"Bees are basically docile creatures who like nothing better than to be left alone to do their work. In the summer I sunbathe out here on the grass right beside the hives and the bees have never given me any problems. " He says that recent movies like The Swarm and Killer Bees "portray bees in a way that is totally contrary to their true nature. "
To prove his point, Chalmers donned his beekeeper's suit and proceeded to extract one of the hive's comb-laden frames for me. There were hundreds of bees crawling over it.
"Here," he said, offering me his hat and veil. "If you move very slowly and deliberately, you can take hold of this with your bare hands."
I did as instructed, grasping the frame edges in my exposed hands and holding its surprisingly solid weight out in front of me. I could feel the bees humming in my fingers, but not a single one tried to sting.
"Most people panic when a bee comes near," says Chalmers. "The worst thing you can do is get excited and start swatting. If a bee is bothering you, the best course of action is to lower your head and back off." The bees will then be less likely to sting the eyelids.
Understandably, even the most civilized hive of hard-working bees can be a source of anxiety for neighbours, some of whom may be allergic to their stings. Some people harbour an almost hysterical fear of the stinging insects. As a precaution against upsetting one's neighbours, it is a good idea for the city beekeeper to erect a fence or row of shrubbery along the perimeter of his yard. Such a barrier will force the bees to fly upward on their nectar-foraging routes. Once started off at this altitude, the bees will keep to the same flight pattern and thus be far less likely to disturb neighbouring residents.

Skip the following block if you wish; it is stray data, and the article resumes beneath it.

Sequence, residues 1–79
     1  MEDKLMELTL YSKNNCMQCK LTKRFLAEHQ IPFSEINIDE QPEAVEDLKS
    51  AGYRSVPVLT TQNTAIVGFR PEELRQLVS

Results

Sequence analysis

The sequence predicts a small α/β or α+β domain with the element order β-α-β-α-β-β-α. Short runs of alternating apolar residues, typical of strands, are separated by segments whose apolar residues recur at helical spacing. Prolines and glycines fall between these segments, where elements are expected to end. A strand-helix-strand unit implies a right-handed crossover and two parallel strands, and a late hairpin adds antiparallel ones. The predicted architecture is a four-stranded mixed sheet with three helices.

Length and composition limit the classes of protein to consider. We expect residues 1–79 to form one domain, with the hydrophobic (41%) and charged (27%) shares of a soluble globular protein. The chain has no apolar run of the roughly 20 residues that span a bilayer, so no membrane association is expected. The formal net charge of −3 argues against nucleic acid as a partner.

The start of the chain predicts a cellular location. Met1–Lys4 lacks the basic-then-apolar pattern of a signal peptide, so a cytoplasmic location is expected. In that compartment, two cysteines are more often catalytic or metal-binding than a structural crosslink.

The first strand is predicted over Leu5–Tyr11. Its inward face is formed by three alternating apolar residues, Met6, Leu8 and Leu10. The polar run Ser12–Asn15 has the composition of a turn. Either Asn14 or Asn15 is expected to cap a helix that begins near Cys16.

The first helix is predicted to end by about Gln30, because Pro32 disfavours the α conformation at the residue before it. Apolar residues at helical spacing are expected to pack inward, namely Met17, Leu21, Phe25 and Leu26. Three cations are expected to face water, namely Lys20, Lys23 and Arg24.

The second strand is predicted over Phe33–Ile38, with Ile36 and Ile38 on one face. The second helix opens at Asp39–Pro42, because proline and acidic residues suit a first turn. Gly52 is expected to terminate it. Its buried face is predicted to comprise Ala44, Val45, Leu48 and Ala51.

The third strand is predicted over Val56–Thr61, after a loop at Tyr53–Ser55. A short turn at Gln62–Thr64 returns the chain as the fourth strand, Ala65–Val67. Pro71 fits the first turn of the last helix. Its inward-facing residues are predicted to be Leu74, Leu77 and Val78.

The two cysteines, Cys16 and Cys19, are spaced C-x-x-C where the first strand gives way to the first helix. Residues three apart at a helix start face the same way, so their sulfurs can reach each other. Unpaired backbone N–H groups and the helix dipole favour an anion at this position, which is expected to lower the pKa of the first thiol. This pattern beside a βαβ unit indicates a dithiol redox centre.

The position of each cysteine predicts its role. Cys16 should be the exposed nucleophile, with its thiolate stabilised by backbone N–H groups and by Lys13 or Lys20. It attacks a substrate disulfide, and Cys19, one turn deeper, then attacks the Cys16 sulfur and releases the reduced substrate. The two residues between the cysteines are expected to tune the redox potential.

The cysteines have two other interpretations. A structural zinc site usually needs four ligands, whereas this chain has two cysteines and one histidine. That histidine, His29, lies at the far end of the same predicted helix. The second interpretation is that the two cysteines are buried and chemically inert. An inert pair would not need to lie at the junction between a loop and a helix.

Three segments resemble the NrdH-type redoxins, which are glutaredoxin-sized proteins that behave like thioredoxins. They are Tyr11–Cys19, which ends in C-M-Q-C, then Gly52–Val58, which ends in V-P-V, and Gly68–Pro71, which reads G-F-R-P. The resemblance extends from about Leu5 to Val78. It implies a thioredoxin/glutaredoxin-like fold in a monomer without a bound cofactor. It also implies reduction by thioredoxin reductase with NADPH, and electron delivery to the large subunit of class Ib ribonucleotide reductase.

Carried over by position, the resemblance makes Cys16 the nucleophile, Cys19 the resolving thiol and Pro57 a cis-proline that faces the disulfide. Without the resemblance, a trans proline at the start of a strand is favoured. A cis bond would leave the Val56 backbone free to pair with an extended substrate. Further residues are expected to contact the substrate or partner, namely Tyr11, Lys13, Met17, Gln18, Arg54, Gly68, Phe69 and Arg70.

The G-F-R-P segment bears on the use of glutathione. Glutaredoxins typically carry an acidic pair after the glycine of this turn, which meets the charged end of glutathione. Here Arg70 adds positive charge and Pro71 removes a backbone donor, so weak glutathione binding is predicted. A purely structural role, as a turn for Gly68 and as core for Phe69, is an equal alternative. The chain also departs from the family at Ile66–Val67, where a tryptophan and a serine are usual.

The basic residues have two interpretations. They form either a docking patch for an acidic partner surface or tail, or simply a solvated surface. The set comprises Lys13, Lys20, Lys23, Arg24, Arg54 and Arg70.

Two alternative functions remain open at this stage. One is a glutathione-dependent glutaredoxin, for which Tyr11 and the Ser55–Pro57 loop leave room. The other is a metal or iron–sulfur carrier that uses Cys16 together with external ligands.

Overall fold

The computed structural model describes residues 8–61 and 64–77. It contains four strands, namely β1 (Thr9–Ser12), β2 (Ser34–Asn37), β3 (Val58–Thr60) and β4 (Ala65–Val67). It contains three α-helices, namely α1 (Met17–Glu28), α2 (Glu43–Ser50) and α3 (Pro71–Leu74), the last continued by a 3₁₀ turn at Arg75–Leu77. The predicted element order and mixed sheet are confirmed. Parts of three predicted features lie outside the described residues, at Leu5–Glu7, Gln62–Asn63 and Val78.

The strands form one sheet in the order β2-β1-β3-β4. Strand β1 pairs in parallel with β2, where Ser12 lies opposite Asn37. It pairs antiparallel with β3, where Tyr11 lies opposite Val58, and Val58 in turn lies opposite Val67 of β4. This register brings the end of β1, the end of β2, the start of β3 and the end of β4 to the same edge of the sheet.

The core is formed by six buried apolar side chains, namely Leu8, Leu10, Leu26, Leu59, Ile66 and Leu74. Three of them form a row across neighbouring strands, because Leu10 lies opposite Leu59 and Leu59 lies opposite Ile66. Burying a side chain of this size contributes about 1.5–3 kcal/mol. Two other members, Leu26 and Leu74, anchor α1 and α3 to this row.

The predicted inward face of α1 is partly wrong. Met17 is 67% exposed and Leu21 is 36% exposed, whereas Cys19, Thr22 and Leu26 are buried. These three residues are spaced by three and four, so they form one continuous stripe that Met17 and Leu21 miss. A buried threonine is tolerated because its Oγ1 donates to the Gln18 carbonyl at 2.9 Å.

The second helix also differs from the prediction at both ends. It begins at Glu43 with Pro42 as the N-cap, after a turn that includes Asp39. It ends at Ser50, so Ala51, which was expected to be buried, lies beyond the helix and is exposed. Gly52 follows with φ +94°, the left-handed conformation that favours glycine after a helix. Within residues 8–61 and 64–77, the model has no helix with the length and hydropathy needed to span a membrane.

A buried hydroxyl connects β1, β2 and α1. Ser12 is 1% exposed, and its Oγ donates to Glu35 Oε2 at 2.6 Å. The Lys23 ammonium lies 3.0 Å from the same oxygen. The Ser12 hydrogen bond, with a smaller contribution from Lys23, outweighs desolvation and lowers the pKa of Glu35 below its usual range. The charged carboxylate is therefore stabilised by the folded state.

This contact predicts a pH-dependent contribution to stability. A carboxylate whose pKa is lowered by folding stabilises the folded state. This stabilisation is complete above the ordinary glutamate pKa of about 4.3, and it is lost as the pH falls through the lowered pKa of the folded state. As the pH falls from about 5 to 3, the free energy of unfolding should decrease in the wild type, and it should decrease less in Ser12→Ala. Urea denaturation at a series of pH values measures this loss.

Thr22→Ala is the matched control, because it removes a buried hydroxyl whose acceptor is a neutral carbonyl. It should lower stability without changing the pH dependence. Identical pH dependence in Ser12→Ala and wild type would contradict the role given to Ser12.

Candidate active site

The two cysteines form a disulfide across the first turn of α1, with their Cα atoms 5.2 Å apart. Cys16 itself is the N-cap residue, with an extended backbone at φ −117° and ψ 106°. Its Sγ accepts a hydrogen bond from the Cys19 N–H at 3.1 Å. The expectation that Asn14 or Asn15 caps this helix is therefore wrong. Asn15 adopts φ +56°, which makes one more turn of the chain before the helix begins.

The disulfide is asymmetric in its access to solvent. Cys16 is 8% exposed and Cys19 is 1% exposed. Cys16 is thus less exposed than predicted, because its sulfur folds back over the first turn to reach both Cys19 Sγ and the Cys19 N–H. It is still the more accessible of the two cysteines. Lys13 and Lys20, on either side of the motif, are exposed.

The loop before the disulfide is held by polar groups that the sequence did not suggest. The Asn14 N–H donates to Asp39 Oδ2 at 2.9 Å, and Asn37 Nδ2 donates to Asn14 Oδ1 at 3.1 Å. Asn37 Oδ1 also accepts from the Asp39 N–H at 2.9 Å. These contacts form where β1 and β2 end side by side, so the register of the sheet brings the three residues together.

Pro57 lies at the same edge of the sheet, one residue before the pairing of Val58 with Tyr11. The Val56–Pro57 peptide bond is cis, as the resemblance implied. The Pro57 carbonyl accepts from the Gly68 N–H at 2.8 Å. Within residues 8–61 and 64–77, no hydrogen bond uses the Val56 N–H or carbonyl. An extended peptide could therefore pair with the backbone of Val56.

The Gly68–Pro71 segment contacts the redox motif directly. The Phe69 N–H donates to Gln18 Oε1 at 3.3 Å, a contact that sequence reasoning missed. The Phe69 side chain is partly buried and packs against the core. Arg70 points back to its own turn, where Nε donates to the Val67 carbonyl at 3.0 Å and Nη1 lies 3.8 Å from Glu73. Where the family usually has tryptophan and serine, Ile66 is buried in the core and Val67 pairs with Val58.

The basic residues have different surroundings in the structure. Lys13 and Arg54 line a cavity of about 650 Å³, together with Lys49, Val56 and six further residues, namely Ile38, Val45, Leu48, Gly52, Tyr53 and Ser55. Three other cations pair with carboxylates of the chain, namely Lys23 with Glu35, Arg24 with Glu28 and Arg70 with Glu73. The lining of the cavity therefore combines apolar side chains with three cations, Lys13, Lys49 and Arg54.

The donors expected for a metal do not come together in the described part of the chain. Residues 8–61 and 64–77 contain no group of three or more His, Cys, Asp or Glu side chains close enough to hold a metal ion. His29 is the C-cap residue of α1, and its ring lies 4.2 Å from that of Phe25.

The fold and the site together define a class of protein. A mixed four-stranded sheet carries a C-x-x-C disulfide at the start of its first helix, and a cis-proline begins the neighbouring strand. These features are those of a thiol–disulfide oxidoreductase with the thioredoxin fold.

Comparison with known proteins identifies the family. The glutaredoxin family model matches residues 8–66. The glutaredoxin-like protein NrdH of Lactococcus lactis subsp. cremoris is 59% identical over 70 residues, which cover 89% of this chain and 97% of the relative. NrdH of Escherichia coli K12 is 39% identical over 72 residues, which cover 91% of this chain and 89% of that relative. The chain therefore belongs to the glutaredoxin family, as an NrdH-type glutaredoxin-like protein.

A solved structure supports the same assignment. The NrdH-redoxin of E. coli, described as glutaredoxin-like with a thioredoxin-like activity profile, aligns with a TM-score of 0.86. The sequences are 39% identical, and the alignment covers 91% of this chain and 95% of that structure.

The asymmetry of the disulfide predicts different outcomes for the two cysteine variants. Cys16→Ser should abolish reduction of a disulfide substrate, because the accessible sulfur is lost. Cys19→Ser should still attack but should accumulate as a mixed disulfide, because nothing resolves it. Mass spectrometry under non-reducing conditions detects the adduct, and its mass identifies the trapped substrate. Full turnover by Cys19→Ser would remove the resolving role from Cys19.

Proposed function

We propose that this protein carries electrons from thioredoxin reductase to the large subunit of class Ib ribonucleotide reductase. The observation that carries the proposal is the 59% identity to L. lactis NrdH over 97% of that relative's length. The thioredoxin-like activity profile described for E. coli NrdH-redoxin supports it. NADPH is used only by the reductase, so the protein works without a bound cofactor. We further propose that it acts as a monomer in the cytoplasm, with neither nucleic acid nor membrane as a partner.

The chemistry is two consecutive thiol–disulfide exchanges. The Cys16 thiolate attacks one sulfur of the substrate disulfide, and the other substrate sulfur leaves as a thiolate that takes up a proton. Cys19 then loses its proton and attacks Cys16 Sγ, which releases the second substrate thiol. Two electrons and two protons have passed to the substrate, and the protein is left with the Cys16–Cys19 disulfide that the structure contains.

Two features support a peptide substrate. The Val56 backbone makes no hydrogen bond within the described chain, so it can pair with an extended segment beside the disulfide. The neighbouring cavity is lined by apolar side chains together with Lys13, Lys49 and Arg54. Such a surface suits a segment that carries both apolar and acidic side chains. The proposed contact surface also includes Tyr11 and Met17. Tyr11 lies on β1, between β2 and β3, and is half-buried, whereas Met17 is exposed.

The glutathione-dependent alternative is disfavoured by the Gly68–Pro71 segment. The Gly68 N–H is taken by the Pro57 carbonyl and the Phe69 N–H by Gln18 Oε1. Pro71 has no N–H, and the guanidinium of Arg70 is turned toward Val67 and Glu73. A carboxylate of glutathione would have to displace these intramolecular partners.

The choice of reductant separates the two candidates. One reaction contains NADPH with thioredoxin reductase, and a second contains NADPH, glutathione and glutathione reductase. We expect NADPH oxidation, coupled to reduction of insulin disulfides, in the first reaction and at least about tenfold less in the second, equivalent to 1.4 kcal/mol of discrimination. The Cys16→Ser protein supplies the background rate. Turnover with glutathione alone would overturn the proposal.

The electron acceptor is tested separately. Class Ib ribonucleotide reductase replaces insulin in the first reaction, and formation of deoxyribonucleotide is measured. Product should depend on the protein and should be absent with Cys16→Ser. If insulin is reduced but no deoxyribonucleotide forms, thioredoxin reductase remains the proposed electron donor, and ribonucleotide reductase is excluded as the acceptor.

Also, as bees require as much as two cups of water daily for the maintenance of each hive, it is advisable for the city beekeeper to have a source of calm water nearby. Carolyn Fowler, an apiculturist of two years' standing in the Chicago suburb of Glen Ellyn, has a birdbath beside her pair of hives. She floats small pieces of cork in the water so that the bees have a spot to light and drink. Otherwise, she says, they are likely to journey to other people's birdbaths and swimming pools, possibly causing havoc. Not all neighbours are as accommodating as Bill Chalmers'.
The biggest single concern for the city beekeeper is to prevent one's hive from swarming. The sight of a huge cloud of bees suddenly pouring from a hive and rising into the air is a disconcerting sight for even the most un-derstanding of next door neighbours.
Swarming may occur when a colony becomes too large for its hive and the bees, by some instinctive arrangement, divide themselves into two parties. One accompanies the old queen out to seek its fortune elsewhere, while the other group remains in the hive to begin again with a newly developing queen.